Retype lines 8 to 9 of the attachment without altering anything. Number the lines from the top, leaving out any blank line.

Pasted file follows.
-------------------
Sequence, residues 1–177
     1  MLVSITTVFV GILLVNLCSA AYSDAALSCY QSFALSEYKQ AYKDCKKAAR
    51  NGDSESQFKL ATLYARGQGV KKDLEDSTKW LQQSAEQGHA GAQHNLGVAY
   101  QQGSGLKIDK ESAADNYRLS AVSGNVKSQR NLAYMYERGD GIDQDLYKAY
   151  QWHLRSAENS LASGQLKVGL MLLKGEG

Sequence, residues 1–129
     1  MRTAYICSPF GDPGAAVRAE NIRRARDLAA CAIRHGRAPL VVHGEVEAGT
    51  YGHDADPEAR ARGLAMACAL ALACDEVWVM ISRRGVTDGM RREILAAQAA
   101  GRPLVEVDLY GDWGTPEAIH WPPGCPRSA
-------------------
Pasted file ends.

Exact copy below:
    51  YGHDADPEAR ARGLAMACAL ALACDEVWVM ISRRGVTDGM RREILAAQAA
   101  GRPLVEVDLY GDWGTPEAIH WPPGCPRSA